“Of which” is part of a relative clause. She discovered so many spiders, of which she was most afraid. He answered all the listening and reading exercises, of which the test mostly consisted. The team won a silver medal, of which they were very proud.
‘What’ stands as the subject and ‘which’ is the object of the sentence, also ‘which’ can stands as subject of the which clause that replace the whole clause of the previous sentence. ‘What’ is used to ask an unknown thing while ‘which’ means a choice among several things.
To start with, we use “that” when we refer to people, animals, and things. We use “which” when we refer to animals and things. However, the main difference between both depends on the clause. If the clause is restrictive, you need to use the relative pronoun that, without it, the meaning would be unclear.
Using “Which,” “Who,” and “That” “Who” is used for people. “Which” is used for things, and “that” can be used for either. (Note, however, that using “that” for people is considered informal.)
“Which” is more formal when asking a question that requires a choice between a number of items. You can use “What” if you want, though. Generally speaking, you can replace the usage of “which” with “what” and be OK grammatically. It doesn’t always work the other way around, however.
Strictly speaking, when referring to one or more of a definite set of values, the word ‘which’ should be employed. When referring to one or more of an unknown or infinate set of values, the word ‘what’ would be used instead.
Both are grammatically acceptable, but there are differences in how they are used. “I am thinking of you ” is a complete sentence, telling what you are doing. “I think of you ” usually requires a modifier, as: “I think of you every day.” It can also be used in a dependent clause, as: “When I think of you I sigh.”
Both are correct. The difference is that “what” is an open choice, but “which” suggests that there are just a small number of days to choose from.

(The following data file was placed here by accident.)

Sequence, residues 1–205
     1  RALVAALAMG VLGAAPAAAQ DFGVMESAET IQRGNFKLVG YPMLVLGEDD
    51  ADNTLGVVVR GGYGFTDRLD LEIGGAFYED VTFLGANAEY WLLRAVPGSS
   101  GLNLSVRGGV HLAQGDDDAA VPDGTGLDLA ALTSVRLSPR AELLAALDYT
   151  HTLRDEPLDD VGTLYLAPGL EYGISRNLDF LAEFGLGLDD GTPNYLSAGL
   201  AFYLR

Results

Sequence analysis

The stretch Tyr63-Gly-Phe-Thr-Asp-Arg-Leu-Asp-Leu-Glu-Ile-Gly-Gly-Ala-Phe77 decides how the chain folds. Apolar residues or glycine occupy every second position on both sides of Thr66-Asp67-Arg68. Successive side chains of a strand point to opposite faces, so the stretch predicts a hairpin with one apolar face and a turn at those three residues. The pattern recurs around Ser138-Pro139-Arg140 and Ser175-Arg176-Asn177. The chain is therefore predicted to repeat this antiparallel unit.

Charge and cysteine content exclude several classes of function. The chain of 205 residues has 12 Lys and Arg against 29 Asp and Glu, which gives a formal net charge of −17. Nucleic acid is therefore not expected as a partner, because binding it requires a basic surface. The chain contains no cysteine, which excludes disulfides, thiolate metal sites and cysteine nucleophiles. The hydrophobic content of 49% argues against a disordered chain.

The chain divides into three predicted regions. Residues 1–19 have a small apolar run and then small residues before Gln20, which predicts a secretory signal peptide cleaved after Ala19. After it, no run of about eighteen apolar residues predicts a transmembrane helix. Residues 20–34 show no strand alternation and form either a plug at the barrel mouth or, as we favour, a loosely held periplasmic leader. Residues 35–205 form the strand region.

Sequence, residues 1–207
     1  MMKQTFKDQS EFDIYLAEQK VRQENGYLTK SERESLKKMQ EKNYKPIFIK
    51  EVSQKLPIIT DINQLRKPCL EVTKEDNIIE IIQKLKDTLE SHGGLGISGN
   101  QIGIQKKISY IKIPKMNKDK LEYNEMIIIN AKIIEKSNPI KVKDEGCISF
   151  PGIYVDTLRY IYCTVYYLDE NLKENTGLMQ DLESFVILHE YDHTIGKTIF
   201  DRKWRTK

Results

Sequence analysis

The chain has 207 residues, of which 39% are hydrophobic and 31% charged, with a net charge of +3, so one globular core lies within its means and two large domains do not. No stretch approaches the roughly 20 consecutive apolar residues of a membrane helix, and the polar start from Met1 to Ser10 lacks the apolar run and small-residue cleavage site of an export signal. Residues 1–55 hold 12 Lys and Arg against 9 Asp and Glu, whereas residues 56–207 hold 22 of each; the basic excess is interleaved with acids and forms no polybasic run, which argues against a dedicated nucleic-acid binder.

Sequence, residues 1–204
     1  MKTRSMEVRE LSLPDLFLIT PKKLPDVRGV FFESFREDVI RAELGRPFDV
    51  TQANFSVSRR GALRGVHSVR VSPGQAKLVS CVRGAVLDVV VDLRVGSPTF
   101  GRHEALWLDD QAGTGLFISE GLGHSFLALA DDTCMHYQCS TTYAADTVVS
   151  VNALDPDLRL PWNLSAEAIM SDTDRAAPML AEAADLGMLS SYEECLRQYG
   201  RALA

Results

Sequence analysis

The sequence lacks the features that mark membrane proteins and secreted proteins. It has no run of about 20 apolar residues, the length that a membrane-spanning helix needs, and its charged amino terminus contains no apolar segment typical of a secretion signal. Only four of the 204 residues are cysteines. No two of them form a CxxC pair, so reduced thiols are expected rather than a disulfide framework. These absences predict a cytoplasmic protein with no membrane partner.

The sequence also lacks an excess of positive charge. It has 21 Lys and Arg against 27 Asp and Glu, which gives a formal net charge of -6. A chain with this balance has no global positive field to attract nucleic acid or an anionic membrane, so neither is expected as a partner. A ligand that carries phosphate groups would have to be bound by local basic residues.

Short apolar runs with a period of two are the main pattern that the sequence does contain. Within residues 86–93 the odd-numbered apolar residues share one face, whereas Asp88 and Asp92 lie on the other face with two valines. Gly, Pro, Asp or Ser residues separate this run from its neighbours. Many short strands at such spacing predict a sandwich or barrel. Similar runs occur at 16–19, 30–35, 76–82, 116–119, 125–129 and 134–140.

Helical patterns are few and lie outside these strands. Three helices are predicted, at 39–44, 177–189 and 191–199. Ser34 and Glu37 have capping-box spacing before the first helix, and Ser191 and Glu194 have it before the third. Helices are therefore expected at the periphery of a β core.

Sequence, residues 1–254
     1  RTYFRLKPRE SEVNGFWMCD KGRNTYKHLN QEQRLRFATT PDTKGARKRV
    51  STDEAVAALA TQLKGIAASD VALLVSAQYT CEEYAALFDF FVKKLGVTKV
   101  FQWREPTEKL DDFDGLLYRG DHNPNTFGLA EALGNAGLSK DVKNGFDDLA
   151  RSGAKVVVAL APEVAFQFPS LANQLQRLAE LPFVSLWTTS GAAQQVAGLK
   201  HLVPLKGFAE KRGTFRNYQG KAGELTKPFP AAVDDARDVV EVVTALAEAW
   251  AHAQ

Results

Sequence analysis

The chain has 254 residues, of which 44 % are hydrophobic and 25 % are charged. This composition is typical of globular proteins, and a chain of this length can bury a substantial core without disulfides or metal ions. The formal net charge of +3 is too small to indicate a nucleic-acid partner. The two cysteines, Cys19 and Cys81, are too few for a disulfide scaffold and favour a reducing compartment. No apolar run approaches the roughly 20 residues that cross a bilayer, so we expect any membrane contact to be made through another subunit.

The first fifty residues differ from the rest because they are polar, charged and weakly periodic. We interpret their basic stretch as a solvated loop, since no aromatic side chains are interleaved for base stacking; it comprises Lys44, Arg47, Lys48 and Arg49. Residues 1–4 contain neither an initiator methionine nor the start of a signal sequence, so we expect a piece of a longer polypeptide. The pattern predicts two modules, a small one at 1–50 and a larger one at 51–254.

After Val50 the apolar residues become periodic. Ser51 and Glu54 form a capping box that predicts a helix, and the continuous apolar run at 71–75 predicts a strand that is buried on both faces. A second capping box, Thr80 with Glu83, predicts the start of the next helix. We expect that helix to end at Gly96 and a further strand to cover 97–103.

Thinking “about” something is a longer, more continuous action. However, when talking about people we often use ” thinking of you ” to mean ” thinking about you ” It’s easy to see why this would be confusing to people trying to learn English.
When you are determining whether you should use who or that, keep these simple guidelines in mind: Who is always used to refer to people. That is always used when you are talking about an object. That can also be used when you are talking about a class or type of person, such as a team.
You say in that case or in which case to indicate that what you are going to say is true if the possible situation that has just been mentioned actually exists. Perhaps you’ve some doubts about the attack. Members are concerned that a merger might mean higher costs, in which case they would oppose it.
A defining relative clause identifies who or what we are speaking about, whereas a non – defining relative clause just gives us more information about who or what we are speaking about. A non – defining relative clause is separated from the main part of the sentence by commas.
Your first choice when talking about more than one person is “( two ) people “. ” Persons ” only makes sense if you mean “individuals” and as 郭东兴 has pointed out, this is quite uncommon. Persons is an old word, from formal English.
“ Persons ” as Plurals. Person and people both derive from Latin, but from different words. That practice did not become standard, and nowadays, the plural persons is only considered correct in legal contexts and, occasionally, when deliberately referring to humans individually rather than collectively.
In titles of creative works such as novels, songs, and albums. In film credits for stories, screenplays, etc., & indicates a closer collaboration than and. The Writers Guild of America uses & to denote two writers collaborating on a specific script. Inside tables or parentheses when space is limited.